Also featuring THE INVINCIBLE SPIRIT + VILE ELECTRODES, when APOPTYGMA BERZERK mainman Stephan Groth spoke to The Electricity Club earlier in the year, he explained: “It’s very important to have a whole evening that makes sense and which will tell a story.”
That story began with British South Coast duo VILE ELECTRODES. New favourite artists of Stephan Groth’s, Anais Neon and Martin Swan have rarely ventured out live in the last two years, but the opportunity to reach a new audience familiar with the darker vein of electronics was not to be missed.
Using a portable Eurorack set-up which was still quite hefty in comparison to other live acts and almost obscuring the diminutive Swan, there was also a tiny Yamaha Reface and compact Arturia MicroBrute included in the Viles armoury.
As well as familiar tunes such as a reworking of ‘Empire of Wolves’ and ‘Proximity’, there was also ‘Red Bead’ and ‘Incision’ from the epic if bleak second album ‘In The Shadows Of Monuments’.
Meanwhile, there was new material in the shape of two modular derived songs ‘We Are A Prism’ and ‘The Kill The Cure’ which hinted that for VILE ELECTRODES at least, their future is perhaps not yet so bright that they’ve got to wear shades.
Closing with the arpeggio-laden ‘Re-Emerge’, its frantic synthesized throb warmed up the steadily building throng at Essigfabrik.
In the vein of DAF and DIE KRUPPS but with a tighter electronic backbone, EBM veterans THE INVINCIBLE SPIRIT produced the sort of alternative club music that would have been popular at The Jolly Joker in Braunschweig and the like. The project of Thomas Lüdke, the debut album ‘Current News’ became a cult favourite after its release in 1987 on ZYX Records with tracks like ‘Make A Device’ and ‘Push’.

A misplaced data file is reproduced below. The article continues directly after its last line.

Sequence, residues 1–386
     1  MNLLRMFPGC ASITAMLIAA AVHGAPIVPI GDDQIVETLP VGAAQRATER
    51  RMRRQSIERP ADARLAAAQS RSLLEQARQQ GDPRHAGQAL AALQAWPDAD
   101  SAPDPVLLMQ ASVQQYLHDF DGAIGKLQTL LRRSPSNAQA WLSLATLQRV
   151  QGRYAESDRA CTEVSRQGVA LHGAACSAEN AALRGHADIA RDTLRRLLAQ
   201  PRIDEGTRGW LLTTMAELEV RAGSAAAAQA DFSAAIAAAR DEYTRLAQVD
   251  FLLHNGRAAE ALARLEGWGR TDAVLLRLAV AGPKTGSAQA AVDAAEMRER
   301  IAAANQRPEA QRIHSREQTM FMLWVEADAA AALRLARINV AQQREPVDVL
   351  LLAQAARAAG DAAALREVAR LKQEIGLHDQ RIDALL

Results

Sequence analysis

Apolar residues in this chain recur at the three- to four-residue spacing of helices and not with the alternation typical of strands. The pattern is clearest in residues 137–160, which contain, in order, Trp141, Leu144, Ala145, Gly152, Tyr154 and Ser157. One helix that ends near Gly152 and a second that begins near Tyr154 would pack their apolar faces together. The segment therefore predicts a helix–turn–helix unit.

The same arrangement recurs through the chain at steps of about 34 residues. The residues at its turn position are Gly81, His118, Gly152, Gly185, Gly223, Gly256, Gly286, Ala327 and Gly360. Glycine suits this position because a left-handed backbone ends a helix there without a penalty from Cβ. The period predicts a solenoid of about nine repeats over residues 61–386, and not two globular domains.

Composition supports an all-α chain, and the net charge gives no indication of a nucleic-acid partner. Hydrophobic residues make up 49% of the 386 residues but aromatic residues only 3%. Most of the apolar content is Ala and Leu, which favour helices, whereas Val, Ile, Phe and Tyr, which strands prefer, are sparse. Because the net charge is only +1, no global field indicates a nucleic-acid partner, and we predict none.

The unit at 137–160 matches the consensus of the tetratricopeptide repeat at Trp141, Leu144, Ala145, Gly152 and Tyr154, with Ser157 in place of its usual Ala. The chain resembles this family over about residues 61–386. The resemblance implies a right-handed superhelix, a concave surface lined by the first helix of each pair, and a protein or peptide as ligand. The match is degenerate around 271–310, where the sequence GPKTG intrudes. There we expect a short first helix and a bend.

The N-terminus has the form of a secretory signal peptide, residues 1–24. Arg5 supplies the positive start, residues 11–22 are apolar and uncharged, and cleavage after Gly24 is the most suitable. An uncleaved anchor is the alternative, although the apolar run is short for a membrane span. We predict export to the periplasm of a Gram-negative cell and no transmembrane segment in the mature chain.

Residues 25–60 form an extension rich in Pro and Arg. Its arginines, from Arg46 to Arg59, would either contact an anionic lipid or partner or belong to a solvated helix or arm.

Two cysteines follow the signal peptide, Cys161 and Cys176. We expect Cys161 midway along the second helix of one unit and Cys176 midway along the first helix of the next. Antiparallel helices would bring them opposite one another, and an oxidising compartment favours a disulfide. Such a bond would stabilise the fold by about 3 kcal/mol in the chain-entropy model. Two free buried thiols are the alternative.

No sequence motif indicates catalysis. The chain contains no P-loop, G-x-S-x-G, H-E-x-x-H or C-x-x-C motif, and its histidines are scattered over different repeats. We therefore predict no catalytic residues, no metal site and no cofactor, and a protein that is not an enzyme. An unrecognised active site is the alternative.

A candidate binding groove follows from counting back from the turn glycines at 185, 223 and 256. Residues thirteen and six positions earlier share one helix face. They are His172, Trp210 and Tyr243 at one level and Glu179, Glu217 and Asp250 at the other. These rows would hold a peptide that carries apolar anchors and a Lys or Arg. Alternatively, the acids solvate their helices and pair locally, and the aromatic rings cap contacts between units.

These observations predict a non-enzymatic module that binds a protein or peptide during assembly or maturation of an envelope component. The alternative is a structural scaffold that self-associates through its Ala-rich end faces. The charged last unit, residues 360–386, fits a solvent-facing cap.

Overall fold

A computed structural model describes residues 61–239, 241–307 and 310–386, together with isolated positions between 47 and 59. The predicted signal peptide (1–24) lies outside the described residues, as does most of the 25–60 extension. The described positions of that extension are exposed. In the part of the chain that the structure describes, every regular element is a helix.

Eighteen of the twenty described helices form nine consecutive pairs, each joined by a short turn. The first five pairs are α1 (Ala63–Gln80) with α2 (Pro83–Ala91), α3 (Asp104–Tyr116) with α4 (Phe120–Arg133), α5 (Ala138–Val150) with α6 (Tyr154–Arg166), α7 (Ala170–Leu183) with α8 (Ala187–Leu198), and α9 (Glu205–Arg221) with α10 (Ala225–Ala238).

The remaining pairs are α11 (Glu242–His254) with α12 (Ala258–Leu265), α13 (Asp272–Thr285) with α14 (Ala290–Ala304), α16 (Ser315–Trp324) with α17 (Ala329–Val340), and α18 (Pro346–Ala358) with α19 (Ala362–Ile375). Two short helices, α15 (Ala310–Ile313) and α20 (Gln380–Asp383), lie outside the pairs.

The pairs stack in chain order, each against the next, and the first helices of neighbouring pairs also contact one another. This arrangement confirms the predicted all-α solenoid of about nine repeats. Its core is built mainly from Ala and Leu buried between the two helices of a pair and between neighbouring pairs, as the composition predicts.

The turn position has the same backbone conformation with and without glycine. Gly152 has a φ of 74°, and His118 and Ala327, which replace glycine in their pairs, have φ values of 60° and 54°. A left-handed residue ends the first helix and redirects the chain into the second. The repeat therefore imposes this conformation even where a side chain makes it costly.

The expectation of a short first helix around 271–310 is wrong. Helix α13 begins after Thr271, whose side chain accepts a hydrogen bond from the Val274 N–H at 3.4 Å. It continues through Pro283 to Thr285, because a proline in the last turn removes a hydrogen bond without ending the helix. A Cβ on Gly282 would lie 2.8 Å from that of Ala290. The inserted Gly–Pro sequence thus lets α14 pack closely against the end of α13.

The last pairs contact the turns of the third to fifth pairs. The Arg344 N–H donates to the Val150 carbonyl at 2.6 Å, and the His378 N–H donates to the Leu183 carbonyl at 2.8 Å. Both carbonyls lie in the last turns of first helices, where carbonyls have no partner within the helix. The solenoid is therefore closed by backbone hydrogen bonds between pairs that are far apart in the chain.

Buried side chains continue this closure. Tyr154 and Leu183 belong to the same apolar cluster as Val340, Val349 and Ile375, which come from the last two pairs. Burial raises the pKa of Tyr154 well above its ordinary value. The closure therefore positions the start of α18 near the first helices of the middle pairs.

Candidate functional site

Accompanied by Anja Vorel on synths, the towering presence of Lüdke loomed over the audience as they became captivated by the energetic body of ‘Irregular Times’. But the powertrain entered a new gear with the magnificent of ‘Hate You’, the lead single from the 2015 comeback album ‘Anyway’.
A great new number ‘Coming Home’ kept up the pace and the action, but there was the surprising inclusion of JOY DIVISION’s ‘Atmosphere’ as an uptempo cover to end, which worked well in the former factory complex that forms Essigfabrik.
As the crowd squeezed up to the barrier in anticipation of APOPTYGMA BERZERK, what was noticeable that save three or four goth boys of varying ages, the entire front row was female. First on stage was cheerleading keyboardist Jonas Groth, while sticksman Ted Skogman quietly followed over to the drum stool.
As the electronic pulse of ‘Weight Of The World’ began and the younger Groth vocodered “pleased to meet you”, guitarist Audun ‘Angel’ Stengel joined his bandmates before wearing a leather jacket with “YAZOO” emblazoned on the back, Stephan Groth ran to greet his excited fanbase. The industrial pop of ‘Unicorn’ continued the adrenaline rush and prompted chorus singalongs, before moving towards the anthemic rock overtones of ‘In This Together’.
Over the years, Stephan Groth has straddled EBM, synthpop, futurepop, alternative rock and more recently instrumentals with APOPTYGMA BERZERK, and the upcoming EP ‘Nein Danke!’ sees a return to the synthpop format.
From it, the excellent ‘Atom & Eve’ with its mechanised rhythms saw drummer Ted Skogman leave his kit to assist on backing vocals.
As the evening continued and other drum machine led tracks were performed, as with another terrific ‘Nein Danke!’ number called ‘A Battle For The Crown’ or material from Groth’s FAIRLIGHT CHILDREN synth side-project, Skogman simply walked off the stage as the songs did not need the interference of live drums. It begs the question as to why Christian Eigner can’t voluntarily disappear for half of DEPECHE MODE’s concert set for the sake of authentic art?